• For example, the iPod and iTunes Music Store
    • A dapt—alter, change function, use part of another element
      • For example, the Baygen radio that needs no batteries, due to a hand crank, from cell phones to VOIP phones
    • M odify—increase or reduce in scale, change shape, modify attributes
      • For example, GE Aviation, from “We make jet engines” to “We’re in the propulsion business”
    • P ut to Another Use
      • For example, using baking soda as tooth paste or a deodorizer
    • E liminate—remove elements, make as simple as possible
      • For example, Basecamp versus SharePoint or Quick place, a Bose 3,2,1 versus a typical home theatre
    • R everse—turn inside out or upside down (similar to reversal)
      • Make a PDA into a remote control, a car into an entertainment center
    Brainstorming Concepts 06/01/09 Source: James Manktelow and Alex Osborn
  • 24. Random Input
    • Making creative leaps by linking one thinking pattern to another
      • For example, using a movie pitch analogy to describe a purchase experience or user group, “It’s Lord of the Rings meets Dumb and Dumber!”
    • Simple methods may involve using a noun for a simple item that can be seen or touched
      • For example, use a noun like ‘garbage’ in terms of designing a product might prompt a discussion on how to create a product more efficiently and in generating less waste during manufacturing.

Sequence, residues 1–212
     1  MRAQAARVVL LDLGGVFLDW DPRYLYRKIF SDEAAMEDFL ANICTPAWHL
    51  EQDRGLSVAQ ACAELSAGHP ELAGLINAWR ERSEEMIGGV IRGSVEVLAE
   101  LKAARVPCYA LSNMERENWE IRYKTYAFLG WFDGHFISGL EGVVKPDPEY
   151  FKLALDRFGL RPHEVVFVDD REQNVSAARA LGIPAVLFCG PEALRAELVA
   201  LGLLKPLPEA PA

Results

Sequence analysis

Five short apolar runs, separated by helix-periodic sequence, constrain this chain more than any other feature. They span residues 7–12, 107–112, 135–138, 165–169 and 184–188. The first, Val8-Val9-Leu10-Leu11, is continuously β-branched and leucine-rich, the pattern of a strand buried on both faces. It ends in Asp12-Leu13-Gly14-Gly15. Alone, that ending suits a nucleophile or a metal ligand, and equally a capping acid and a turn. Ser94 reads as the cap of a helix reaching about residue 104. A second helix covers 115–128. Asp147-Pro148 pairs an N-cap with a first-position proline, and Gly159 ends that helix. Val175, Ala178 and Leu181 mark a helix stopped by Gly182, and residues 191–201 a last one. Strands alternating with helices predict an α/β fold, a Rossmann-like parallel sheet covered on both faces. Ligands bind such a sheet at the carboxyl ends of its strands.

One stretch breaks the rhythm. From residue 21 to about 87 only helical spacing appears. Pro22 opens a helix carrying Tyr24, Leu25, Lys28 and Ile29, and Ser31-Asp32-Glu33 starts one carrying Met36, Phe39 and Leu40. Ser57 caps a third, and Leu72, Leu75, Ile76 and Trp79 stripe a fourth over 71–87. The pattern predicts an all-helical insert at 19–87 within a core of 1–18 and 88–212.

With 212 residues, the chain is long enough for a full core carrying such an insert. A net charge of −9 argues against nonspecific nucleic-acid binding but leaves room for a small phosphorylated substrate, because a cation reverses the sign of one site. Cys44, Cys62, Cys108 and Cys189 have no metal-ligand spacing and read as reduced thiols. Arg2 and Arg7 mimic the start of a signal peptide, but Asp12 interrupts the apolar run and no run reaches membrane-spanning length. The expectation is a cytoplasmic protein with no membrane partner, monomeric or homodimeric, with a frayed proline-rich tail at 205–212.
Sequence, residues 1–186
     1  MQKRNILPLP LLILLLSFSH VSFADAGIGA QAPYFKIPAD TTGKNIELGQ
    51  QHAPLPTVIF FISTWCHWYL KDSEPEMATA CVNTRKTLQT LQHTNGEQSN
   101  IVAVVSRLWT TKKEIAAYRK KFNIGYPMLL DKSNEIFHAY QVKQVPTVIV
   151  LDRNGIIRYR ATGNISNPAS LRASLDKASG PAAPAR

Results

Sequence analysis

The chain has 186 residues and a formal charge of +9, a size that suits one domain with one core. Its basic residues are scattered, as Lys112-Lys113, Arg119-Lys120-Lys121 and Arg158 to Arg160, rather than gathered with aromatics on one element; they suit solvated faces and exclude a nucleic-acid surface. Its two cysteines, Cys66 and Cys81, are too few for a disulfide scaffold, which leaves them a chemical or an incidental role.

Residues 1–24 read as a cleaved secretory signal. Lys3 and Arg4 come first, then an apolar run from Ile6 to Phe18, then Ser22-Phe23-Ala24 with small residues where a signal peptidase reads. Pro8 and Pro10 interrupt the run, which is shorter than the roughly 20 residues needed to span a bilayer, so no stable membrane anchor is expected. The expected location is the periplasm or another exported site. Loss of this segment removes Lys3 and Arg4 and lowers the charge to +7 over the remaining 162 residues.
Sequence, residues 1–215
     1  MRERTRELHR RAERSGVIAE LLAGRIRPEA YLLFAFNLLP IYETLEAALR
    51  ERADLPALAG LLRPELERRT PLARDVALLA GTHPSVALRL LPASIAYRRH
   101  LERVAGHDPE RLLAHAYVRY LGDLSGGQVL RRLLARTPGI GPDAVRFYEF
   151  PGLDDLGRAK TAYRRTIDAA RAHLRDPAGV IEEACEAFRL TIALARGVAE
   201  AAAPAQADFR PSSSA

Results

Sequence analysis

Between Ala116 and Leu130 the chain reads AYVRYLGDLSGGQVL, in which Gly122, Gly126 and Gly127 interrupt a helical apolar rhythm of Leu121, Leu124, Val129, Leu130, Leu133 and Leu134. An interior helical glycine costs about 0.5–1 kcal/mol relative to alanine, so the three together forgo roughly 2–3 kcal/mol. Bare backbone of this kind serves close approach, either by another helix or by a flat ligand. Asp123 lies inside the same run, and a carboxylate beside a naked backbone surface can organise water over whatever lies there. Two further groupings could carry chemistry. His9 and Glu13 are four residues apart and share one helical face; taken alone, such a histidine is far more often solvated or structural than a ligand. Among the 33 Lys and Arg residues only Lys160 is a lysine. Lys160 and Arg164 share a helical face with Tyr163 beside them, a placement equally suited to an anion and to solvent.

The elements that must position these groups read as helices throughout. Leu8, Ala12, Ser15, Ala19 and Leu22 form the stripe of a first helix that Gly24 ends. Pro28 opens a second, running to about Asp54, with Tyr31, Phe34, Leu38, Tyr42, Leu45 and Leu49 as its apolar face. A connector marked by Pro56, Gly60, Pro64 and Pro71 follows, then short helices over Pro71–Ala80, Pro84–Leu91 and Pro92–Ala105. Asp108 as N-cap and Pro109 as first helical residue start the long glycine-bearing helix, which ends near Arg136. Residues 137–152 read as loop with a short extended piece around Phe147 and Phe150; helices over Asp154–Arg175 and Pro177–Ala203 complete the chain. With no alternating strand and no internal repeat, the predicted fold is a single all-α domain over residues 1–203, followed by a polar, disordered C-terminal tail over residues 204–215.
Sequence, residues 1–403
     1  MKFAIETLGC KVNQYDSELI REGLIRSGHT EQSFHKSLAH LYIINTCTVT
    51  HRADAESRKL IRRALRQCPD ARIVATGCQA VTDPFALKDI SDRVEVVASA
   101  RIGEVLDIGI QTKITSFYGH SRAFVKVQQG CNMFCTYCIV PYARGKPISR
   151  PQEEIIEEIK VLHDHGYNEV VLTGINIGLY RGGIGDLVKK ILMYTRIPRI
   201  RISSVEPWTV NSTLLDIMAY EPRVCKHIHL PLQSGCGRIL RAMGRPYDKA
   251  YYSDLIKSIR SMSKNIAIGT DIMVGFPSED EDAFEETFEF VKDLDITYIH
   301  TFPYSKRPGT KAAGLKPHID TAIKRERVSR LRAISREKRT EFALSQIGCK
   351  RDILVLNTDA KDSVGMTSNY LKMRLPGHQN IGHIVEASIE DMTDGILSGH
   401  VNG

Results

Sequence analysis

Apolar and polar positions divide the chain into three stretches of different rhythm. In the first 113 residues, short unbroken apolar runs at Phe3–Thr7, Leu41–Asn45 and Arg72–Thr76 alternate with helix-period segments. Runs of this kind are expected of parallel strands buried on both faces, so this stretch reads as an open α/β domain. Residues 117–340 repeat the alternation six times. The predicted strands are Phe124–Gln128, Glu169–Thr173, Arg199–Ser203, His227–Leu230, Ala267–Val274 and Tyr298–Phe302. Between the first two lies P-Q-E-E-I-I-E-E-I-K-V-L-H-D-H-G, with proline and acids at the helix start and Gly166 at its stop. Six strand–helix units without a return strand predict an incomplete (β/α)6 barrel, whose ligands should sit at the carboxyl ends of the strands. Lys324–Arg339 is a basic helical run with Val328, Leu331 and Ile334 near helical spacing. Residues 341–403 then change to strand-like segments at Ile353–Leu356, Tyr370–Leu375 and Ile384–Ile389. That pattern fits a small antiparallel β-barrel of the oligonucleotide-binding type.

• More advanced methods might involve the use of concepts that are randomly applied to your problem (Creative Whack Packs from Roger von Oech)
      • For example, apply a random statement from a Whack Pack like “How is your ego adversely affecting your judgment?”
    Brainstorming Concepts 06/01/09 Source: James Manktelow, Roger von Oech
  • 25. Provocation
    • Making a deliberately provocative statement to spur a discussion
      • “ What if we made a cell phone that didn’t have a keypad?”
      • “ What if we decided to sell a $5.00 cup of coffee?”
    • We then use that provocation to suspend judgment and generate ideas, we can:
      • Explore the consequences of the statement
      • Explore the benefits
      • What special circumstances would make it a sensible solution
      • The principles needed to support it and make it work
      • How it would work
    Brainstorming Concepts 06/01/09 Source: James Manktelow, Edward de Bono
  • 26. What next?
    • Look for future sessions that help teams:
      • Analyze ideas
      • Synthesize options
      • Visualize concepts
      • Communicate ideas
    Brainstorming Concepts 06/01/09
  • 27. Resources
    • Web
      • Mind Tools , James Manktelow
      • Leading a Brainstorm , Scott Berkun
    • Books
      • Lateral Thinking , Edward De Bono
      • A Whack on the Side of the Head , Roger von Oech
    Brainstorming Concepts 06/01/09